How to Save Money at Gordon College
by Kenneth Lowell, Jessica Ryan, Dylan Sciaba, Jordan Thibault and Toussaint Williams
As a private institution, Gordon College generally costs more than attending a state school even when scholarships and financial aid are taken into account. Gordon’s estimated cost for a single academic year (2017–2018) is $52,065.
Because of the high price tag Gordon students often find themselves trying to find ways to save money within their own budget as well as bending the systems that Gordon has in place. There are more ways to cut costs at Gordon than one might think.
First year students at Gordon College are often in the dark about some of the “tricks of the trade” when it comes to saving money at Gordon, and having a full meal plan is one thing that is not necessarily needed. The meal plan costs $1,500 per semester.
A large number of students end up selling many of their meal points because they don’t eat as much as the plan provides. Meal points only sell for a fraction of the price you spent on them so you will always be at a loss. Meal points don’t transfer on to the next academic year either so it can be a good idea to buy half a meal plan if you don’t have a large appetite.
When asked, Jamie Tafoya (class of 2019) said “Over winter break my team each got $400 to last us each of us four weeks. And most of the girls had $200”. This is one example of how it is often more beneficial to buy groceries, not only for financial reasons but for personal taste and allergies since Gordon doesn’t offer many options if you are gluten free, vegan or allergic.
Liv Stark (class of 2019) has food allergies and is gluten free; she said “I tend to spend $150-$200 a month on groceries, and that’s basically eating at home for all meals. I cook food, often pack leftovers for lunch, and eat small breakfasts”. For many students the full meal plan is completely unnecessary.
Another way to save money is to share textbooks. Instead of buying a book that will only be used a few times throughout the semester, work with another student in the class to share the book. Often the book may be completely unneeded.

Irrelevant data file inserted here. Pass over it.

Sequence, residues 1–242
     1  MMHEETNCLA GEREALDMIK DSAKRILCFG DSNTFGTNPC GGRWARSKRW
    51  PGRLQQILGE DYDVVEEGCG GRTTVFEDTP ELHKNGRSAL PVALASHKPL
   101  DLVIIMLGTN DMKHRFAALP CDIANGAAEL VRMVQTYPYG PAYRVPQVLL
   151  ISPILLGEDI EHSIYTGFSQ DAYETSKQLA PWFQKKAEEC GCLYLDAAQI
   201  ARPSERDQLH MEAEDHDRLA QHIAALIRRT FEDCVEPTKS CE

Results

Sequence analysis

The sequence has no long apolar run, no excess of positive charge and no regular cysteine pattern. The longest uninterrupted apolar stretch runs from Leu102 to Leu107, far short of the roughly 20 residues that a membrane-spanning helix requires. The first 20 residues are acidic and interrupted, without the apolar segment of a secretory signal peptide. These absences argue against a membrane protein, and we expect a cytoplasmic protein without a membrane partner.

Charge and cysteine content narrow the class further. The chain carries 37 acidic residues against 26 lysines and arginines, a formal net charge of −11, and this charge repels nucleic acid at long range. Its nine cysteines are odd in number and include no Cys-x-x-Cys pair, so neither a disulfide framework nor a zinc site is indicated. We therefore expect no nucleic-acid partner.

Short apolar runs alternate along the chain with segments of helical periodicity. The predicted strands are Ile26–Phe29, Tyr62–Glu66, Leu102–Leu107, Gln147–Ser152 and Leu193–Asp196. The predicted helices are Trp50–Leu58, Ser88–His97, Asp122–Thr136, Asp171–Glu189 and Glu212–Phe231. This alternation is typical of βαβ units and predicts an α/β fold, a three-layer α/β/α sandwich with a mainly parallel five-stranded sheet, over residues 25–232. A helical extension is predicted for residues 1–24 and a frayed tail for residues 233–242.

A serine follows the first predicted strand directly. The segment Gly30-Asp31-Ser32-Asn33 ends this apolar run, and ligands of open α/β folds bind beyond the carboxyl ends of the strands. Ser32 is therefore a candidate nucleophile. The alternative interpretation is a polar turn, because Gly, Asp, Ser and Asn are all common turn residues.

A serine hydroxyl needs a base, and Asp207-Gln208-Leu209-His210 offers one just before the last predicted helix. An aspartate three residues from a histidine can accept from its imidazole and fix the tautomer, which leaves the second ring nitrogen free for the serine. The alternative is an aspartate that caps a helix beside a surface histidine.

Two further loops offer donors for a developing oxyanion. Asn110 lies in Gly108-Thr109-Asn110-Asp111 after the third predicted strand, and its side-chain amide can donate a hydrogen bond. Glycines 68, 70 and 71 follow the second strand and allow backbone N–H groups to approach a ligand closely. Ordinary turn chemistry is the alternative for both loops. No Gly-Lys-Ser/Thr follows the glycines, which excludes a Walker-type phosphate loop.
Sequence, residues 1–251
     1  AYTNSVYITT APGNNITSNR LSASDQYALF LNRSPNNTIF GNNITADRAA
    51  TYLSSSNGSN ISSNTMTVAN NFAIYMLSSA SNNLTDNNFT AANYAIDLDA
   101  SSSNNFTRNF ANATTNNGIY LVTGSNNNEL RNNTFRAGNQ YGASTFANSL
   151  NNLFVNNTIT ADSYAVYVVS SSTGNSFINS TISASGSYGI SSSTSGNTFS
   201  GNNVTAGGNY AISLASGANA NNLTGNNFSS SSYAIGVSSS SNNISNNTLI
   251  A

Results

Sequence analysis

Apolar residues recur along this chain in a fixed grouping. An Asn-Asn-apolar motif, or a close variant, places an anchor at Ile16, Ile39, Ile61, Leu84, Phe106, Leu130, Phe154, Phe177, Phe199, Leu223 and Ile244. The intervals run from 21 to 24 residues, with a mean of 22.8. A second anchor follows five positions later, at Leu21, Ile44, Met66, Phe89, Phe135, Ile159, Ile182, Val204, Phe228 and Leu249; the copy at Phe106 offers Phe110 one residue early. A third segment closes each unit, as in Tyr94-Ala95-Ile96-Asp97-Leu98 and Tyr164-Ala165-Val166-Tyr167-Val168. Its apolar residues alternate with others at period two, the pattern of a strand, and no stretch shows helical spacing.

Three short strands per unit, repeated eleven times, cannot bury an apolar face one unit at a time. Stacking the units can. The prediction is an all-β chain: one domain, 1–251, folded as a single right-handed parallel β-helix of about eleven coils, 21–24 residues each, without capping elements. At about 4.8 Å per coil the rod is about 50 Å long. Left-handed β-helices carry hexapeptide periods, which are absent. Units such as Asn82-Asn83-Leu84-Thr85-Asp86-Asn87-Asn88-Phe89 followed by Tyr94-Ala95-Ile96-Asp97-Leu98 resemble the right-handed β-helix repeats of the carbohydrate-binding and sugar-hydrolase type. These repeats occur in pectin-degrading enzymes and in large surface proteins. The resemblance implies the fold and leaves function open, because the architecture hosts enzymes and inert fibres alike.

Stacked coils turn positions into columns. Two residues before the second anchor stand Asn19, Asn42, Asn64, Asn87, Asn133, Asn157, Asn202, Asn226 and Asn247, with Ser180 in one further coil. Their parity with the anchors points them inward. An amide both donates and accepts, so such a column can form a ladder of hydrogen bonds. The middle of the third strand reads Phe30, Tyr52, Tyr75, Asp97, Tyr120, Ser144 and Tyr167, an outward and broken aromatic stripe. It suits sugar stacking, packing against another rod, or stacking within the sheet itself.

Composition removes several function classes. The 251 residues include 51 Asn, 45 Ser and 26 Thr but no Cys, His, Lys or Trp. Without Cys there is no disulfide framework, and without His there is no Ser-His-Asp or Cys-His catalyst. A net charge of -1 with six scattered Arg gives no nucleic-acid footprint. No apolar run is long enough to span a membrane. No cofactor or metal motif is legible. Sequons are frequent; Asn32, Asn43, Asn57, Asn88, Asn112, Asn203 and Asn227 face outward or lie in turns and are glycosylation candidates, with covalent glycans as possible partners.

“I only used one of my textbooks twice”, says Laura Paquette (class of 2019). “I wait for the first few days [of each semester] and if I need the book I’ll get it, but if I can get by without one, I wont go through the trouble of buying it”.
Another student says she shares her textbooks. “A lot of my friends and I are in the same classes”, says Amanda Wilson (class of 2019). “And if one of us has already bought the book, we split the the original cost of the book, and rent it from that person. It is very convenient and cheaper”.
Where students purchase books is also important to saving money. The campus bookstore is expensive when compared to other stores or rental services. Amazon.com and Chegg.com are often much cheaper than purchasing or renting textbooks at the Gordon bookstore.
For example, “Introducing the New Testament: A Historical, Literary, and Theological Survey” by Mark Allan Powell is a required textbook for the New Testament class which is a core class. The Gordon bookstore sells this book new in hardcover for $44.99. Amazon.com sells the book in the same condition for $23.43.
Other options include e-versions of the books, used books, or soft covers. There are many ways to save money when it comes to textbooks.
When it comes to printing papers at Gordon, it is usually cheaper to use Gordon’s printers. Gordon charges 5 cents per sheet of printed paper. Depending on how much a student needs to print, this is a decent price.
Buying a new printer will run a minimum of $50 and that price rarely includes the cost of ink cartridges. Students should figure out how regularly they will need to use the printers and do the math to see if it is worth buying a printer or using Gordon’s printing services.
Perhaps the most extreme way in which students can save money is by living off campus. Living off campus is a decision that often expands beyond the desire to save money because it offers an entirely different college experience.
Caitlyn Alekshun (class of 2017) is studying psychology, neuroscience, pre-law and lives off campus.
When asked why she chose to live off campus, Alekshun said: “It was significantly cheaper than living in a dorm and I wanted more independence. I didn’t feel like dorm style living was something I wanted to do as a senior — I wanted a chance to get more real life experience as a small step towards adult life after college with paying bills and having rent to think about.”
When it comes to saving money, she said “[I] saved a couple hundred dollars a month compared to what on-campus housing cost. And buying your own food, you have the chance to save money ... I’d say just generally, you’d have to try pretty hard to pay more to live off campus than you would for a dorm.”
Alekshun says that she would “100%” recommend living off campus and says, “It’s such a different feel than a dorm and it gives you so much more freedom and a realistic feel for what life after Gordon will be like.”